The funeral on Wednesday of former Prime Minister Margaret Thatcher has seen local historian and former teacher Kenneth Shenton remembering when Hello Dolly became Hello Maggie.
Looking through his scrapbook, Kenneth shares two photographs taken 30 years ago, when Mrs Thatcher was the principal guest of honour at Arnold School, South Shore. He also recalls one of the Fylde’s most popular MPs.
Kenneth says: “It was a social occasion organised by the North West Area Conservative Association in February, 1983.”
One photograph is of the Prime Minister with the school band, who had heralded her arrival into the Memorial Hall with a stirring rendition of Hello Dolly, suitably abridged to Hello Maggie.
The second photograph is of the-then Headmaster, Richard Rhodes and his wife Stephanie, welcoming Mrs Thatcher and her husband Dennis to the school.
Kenneth says: “Looking on is the chairman of the governing council, Keith Gledhill and his wife Margaret. In the background with the moustache is the popular Conservative MP for North Fylde, Sir Walter Clegg.
“Born in Bury in 1920, the grandson of a Lancashire weaver, Sir Walter was educated at Arnold School, later studying at Manchester University Law School. Articled to the Town Clerk of Barrow-in-Furness, having qualified as a solicitor in 1947, he later became a partner in the firm of Ingham, Clegg and Crowther, based in Fleetwood. During the Second World War, he served with the Royal Artillery.
Kenneth says: “In 1955 he was elected to Lancashire County Council, unsuccessfully contesting Ince in the 1959 General Election. As chairman of the North Fylde Conservative Association, in 1966, he beat off a strong challenge from Nigel Lawson to be adopted as the parliamentary candidate for the North Fylde Constituency. He was subsequently elected to the Commons later that year.
“Initially serving in the Whips’ Office, he became successively Vice Chamberlain and Comptroller in Her Majesty’s Household. In 1975, elected to the executive of the influential 1922 Committee, he became its Treasurer the following year. Sadly, heart problems prevented him becoming Government Chief Whip.”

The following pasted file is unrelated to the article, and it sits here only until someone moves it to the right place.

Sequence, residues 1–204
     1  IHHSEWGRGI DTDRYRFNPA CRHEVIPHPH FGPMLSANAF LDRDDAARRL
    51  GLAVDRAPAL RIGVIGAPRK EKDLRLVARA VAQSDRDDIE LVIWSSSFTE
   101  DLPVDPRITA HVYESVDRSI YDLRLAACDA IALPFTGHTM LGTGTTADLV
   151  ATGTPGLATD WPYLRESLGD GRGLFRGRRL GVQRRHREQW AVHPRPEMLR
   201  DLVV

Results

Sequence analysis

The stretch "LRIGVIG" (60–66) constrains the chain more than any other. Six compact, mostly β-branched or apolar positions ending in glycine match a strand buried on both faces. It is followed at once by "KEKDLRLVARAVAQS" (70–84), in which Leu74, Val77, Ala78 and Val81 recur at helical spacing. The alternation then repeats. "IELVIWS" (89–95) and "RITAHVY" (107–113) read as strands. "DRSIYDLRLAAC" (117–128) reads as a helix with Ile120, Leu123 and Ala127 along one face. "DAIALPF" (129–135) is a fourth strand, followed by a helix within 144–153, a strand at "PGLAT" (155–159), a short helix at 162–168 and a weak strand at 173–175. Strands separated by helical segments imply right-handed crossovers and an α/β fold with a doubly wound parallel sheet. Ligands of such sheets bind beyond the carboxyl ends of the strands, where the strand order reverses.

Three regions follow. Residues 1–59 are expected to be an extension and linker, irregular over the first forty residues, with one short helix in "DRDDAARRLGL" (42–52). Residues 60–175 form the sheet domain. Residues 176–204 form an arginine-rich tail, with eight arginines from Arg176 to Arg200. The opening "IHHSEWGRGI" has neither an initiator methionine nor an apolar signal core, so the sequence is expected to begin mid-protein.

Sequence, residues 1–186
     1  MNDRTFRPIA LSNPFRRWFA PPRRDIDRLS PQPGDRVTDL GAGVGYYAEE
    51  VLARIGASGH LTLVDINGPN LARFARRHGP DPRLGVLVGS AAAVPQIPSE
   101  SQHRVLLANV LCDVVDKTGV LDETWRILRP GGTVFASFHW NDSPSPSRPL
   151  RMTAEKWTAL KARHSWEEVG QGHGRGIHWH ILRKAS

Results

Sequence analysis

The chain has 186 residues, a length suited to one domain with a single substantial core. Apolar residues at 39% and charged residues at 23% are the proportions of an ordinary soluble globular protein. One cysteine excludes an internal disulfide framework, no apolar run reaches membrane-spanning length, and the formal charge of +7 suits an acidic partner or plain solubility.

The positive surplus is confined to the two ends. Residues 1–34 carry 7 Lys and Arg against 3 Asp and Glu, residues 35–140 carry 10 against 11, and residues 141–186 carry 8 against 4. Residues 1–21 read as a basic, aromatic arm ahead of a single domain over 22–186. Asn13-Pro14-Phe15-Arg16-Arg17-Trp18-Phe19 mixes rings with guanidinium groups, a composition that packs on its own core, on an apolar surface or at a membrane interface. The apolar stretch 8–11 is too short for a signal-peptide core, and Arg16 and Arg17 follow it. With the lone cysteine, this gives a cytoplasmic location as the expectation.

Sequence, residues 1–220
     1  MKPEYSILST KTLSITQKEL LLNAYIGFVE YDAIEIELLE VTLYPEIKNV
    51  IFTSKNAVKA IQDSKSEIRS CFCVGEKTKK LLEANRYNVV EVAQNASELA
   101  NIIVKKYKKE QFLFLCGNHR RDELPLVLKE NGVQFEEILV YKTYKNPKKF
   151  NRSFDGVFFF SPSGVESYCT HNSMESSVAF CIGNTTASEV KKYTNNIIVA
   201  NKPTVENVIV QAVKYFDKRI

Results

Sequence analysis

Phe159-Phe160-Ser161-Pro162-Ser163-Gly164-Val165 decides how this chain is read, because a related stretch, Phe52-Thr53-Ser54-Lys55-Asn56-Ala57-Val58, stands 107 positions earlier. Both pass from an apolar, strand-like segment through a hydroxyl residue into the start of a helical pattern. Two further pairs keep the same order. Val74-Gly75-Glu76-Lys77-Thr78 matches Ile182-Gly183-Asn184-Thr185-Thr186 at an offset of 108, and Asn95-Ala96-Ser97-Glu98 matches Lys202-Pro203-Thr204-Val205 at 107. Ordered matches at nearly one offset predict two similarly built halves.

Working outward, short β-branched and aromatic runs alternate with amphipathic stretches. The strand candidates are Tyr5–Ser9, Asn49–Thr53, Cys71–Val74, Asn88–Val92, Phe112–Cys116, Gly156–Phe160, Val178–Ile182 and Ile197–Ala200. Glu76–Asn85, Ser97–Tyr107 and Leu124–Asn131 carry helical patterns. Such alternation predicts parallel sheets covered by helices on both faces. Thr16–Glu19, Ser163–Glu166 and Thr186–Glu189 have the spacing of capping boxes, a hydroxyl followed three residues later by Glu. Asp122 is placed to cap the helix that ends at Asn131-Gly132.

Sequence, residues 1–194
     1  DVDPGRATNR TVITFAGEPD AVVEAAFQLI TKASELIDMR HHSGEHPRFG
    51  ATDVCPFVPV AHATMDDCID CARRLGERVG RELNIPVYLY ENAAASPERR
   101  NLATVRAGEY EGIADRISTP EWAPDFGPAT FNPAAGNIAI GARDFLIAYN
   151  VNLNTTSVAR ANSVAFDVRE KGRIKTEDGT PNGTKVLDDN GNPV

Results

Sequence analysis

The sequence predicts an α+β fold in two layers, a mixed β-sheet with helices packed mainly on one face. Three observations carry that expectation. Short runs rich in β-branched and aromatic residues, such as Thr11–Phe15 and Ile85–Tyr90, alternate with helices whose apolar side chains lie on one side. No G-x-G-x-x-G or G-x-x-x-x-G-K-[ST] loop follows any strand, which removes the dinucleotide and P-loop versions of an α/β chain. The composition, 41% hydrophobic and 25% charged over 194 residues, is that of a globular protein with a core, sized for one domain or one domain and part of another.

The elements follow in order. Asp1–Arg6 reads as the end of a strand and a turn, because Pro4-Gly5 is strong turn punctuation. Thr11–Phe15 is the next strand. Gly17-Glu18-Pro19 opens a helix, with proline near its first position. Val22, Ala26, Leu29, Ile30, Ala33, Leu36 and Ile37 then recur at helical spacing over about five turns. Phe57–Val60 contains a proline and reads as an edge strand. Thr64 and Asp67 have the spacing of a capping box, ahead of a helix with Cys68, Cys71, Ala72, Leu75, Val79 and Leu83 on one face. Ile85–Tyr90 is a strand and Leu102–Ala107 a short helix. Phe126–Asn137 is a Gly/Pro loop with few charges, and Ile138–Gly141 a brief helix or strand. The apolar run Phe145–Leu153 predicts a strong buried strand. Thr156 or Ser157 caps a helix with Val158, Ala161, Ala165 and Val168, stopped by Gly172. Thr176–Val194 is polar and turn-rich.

Kenneth says: “Sir Walter had met his wife Elise, when she was working as a reporter on The Gazette. Assigned to cover the proceedings at the local Magistrate’s Court, there Clegg was defending a client.
“In true romantic style, he not only won the case but the girl as well. The couple were married for 42 years.”
Kenneth says: “Like Margaret Thatcher, Sir Walter also narrowly escaped death in the IRA’s bombing of the Grand Hotel in Brighton in 1984. His bedroom was immediately above the explosion, and he was badly cut around the face. Characteristically, he insisted that help should first be concentrated on those who had been more seriously injured.”
Knighted in 1980, Sir Walter retired from Parliament in 1987 and died in 1994.
Meanwhile, retired Blackpool hoteliers knows that, just like the old saying, you cannot have your cake and eat it!
He recalls that the line rang so true for Margaret Thatcher when, stepping out of a Blackpool hotel lift, she was surprised to be presented with a splendid birthday cake - a gift from the hotel staff - which she gave away.
It was in the days when the major political conferences still chose Blackpool as a venue on alternate years and the resort’s top hotel, The Imperial, was by tradition the conference HQ.
John Herdman, general manager at that North Promenade hotel from 1980 to 1991, says: “The cake was made by our head chef Louis Robert and decorated with the message ‘Happy Birthday Margaret’ for her 58th birthday on October 13, 1983. It was a big surprise for her and we greeted her with the cake and a rendition of ‘Happy Birthday’ as she stepped out of the lift. She was thrilled that somebody had taken the trouble and asked if we could take it up to Victoria Hospital to be shared around.”
Mr Herdman, who will be 84 on April 25, says: “Conference season was always a colourful time with so many big names of the day coming and going. People might assume that Mrs Thatcher received extra special treatment from the Imperial, but we always prided ourselves on treating everybody with the same respect as a guest of ours, no matter whether they were staying in one of the suites or taking a break on a tighter budget.
“We never lost sight of the fact that they had chosen to stay at the Imperial in the first place.”
As for Mrs Thatcher, John says: “She was the perfect kind of guest, with impeccable manners, who was never demanding on the staff.”